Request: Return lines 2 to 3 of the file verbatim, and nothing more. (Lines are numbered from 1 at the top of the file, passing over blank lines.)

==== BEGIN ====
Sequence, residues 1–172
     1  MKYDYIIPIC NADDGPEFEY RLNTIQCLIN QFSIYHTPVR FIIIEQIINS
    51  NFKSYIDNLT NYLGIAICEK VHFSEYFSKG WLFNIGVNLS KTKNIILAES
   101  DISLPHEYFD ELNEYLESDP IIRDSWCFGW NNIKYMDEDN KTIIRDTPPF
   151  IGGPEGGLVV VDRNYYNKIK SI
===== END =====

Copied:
     1  MKYDYIIPIC NADDGPEFEY RLNTIQCLIN QFSIYHTPVR FIIIEQIINS
    51  NFKSYIDNLT NYLGIAICEK VHFSEYFSKG WLFNIGVNLS KTKNIILAES